Friday, May 29, 2015

Remembering the fallen...

I have been thinking of Audie Murphy all day.  Someone shared the memory of this valiant man who received every medal the US has to offer including the Medal of Honor, plus medals from France and Belgium - and he was only 20 at the time - and he has been here, in my heart, all day.

I say again to every serviceman who has ever served: thank you.

I've learned that many servicemen resent this, who think it is a non-military's way to unload guilt.

Not from me.

I say thank you for every sleepless night you have spent remembering, wanting more than anything to forget. For the nightmares, for the screaming fits, for the black depressions.

I say thank you for leaving a safe bed and the love of family and risking it all.

For me.

I say thank you to and for every buddy you saw die that you wanted to save.

I say thank you to every medic who served in a hot zone, a cool  zone, a hospital ship, and remembers every GI your hands touched, who worked thru 36 hour and more shifts uncomplainingly, asleep on your feet with broken hearts, who still see faces and hear voices when they remember.

I say thank you to each heart that breaks when a car drives up to an anxious home and two men in full dress uniform step out.

I say thank you to each child that cries himself to sleep,  crying for a daddy or mommy they will never see again this side of heaven.

I say thank you for the respectful hands who fire the 21 gun salutes and  fold the flags with precision, respect, and sympathy. For the men who guard, thru summer heat and winter snow and driving rain, the tomb of some of the unknown who returned to the American soil they died for.

I don't say it lightly. I treasure one such flag.


Sir, or Ma'am, I thank you for your service.  I pray the Lord will bless you with a warm home and a heart that never forgets, but has been able to let the memories have their way and be gone, visiting less and less often. 

We tell those who have left us to "rest in peace."  The living deserve no less.  Remember those who were lost.  Then honor them by living long and happily for them as well as yourself.

And if you can't banish the voices and the faces and the sounds and the smells, you are not weak.

It is recognized now as PTSD and there is treatment for it.  Please find some. There is no reason for your family to lose you, too. Audie Murphy never knew what he had was treatable.  He tried to silence the voices and faces and sounds and smells and began to be disrespected towards the end of his short life.  This to a man who fought off 250 of the enemy alone, atop a burning enemy tank loaded with explosives that could blow up any second - and he was seriously wounded at the time!  Sad to say, but true: People forget. I give you my solemn promise,  I will never forget as God lets me draw breath.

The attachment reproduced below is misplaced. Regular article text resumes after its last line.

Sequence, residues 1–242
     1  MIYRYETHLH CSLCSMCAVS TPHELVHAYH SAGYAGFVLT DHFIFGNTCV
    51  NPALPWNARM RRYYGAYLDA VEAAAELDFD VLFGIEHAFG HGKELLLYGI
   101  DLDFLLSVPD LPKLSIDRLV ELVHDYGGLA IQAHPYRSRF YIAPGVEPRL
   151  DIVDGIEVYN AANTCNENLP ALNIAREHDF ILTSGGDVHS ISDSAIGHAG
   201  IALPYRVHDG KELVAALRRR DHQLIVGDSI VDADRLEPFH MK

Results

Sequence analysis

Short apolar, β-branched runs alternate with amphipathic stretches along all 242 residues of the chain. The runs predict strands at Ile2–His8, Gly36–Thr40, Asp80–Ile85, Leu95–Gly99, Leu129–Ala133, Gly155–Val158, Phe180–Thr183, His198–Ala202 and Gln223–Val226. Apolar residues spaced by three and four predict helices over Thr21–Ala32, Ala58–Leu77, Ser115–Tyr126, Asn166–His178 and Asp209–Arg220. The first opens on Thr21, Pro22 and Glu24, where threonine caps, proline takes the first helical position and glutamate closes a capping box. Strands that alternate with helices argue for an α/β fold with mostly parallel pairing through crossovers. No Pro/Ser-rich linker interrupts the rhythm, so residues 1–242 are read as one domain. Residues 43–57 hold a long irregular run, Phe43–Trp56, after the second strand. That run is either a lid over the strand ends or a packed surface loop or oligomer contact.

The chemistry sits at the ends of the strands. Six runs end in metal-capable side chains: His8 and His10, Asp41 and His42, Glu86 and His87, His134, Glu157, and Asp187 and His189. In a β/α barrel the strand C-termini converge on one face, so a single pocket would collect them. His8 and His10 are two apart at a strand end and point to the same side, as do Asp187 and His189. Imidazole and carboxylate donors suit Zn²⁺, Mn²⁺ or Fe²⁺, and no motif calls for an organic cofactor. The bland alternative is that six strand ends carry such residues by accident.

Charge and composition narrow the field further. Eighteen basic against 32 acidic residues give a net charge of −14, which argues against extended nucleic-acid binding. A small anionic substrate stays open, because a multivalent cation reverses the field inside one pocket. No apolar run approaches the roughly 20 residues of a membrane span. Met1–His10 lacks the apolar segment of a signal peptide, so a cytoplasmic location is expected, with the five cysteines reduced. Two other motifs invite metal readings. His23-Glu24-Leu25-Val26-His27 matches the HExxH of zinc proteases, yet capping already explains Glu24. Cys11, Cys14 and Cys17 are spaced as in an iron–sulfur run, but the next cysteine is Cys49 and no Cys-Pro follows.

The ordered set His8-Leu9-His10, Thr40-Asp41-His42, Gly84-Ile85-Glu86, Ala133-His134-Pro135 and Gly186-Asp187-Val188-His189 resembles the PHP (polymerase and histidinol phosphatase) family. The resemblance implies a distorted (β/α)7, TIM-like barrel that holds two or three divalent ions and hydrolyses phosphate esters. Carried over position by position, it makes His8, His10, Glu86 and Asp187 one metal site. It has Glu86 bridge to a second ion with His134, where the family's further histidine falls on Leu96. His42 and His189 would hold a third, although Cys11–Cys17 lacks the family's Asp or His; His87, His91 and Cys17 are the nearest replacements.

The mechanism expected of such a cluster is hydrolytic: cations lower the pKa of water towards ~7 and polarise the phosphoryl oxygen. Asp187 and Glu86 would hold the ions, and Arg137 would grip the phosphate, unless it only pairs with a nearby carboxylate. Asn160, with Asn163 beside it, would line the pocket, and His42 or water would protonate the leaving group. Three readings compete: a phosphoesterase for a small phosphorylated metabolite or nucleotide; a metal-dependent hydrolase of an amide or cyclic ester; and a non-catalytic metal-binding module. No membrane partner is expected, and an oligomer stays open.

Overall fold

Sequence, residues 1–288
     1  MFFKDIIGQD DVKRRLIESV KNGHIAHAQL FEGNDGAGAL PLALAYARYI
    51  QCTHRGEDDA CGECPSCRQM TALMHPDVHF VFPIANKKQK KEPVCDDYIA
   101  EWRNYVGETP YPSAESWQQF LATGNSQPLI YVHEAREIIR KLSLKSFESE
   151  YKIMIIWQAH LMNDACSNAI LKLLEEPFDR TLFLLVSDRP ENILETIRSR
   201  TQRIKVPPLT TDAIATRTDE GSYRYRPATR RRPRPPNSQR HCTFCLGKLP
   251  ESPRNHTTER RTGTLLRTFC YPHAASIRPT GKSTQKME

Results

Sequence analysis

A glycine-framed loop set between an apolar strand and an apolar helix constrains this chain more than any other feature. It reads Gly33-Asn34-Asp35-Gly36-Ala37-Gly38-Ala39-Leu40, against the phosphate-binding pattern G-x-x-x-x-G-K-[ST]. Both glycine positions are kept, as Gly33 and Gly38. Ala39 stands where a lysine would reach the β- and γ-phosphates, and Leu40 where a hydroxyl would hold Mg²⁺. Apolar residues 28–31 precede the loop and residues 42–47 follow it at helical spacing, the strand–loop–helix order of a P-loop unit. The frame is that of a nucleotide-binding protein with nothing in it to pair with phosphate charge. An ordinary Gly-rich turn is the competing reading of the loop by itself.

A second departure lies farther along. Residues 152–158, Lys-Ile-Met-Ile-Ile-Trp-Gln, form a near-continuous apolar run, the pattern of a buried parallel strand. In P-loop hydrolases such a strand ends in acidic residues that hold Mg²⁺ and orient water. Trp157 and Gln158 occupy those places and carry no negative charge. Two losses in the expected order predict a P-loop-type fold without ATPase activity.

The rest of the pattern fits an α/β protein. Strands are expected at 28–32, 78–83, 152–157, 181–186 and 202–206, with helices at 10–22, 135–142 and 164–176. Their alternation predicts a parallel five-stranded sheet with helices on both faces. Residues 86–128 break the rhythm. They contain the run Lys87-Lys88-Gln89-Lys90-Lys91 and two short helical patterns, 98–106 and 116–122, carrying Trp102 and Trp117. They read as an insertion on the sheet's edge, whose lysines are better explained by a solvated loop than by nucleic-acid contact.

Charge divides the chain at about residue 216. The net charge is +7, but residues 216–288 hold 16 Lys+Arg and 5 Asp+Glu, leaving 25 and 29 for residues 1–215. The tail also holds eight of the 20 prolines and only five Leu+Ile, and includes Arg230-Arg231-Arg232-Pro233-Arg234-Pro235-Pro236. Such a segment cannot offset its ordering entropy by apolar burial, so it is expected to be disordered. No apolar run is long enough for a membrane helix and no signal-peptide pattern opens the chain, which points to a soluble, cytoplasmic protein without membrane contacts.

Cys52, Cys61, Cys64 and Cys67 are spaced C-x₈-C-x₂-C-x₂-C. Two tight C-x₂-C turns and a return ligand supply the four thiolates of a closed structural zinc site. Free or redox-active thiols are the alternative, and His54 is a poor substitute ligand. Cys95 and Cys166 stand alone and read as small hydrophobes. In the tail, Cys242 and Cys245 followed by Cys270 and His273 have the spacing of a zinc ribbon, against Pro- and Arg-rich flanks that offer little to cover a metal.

His wife and family were Christians - and, sadly, up until that last plane ride that crashed, he resisted opening his heart to God.  His wife asked the old preacher Vernon McGee to preach a salvation message at his funeral - he said a lot of Hollywood was there, and it seemed every eye was steely and defiant and full of hatred as he preached. I hope he was wrong.  I hope that souls were pierced and hearts broke open. And I pray that as the plane began it's fatal dive, Audie cried out to the God Who held him as he went to hell and back the first time, and kept him from going back to hell again.

And for anyone out there who is idiot enough to think it can't be that bad, get a copy of Audie Murphy's combat memories or watch the movie, "To Hell and Back" both of the same title - easily available on Amazon, even for Kindle. It will open your eyes and make the next time you thank a serviceman or vet come from the bottom of your safe little heart.If you would like a more in-depth telling, warts and all, of his struggles for the rest of his life, I highly recommend the book, "The Price of Valor", a well-researched and informative book, from his childhood on. To Hell and Back was written not as an autobiography, but as a way to remember his buddies that died - to the end of his days he said that the dead were the ones who deserved the medals, not him.

And so, I say again, I thank you for your service, from the bottom of my heart and tears streaming down my face. And if that offends you, I'm not sorry.

Because I will never stop saying it.

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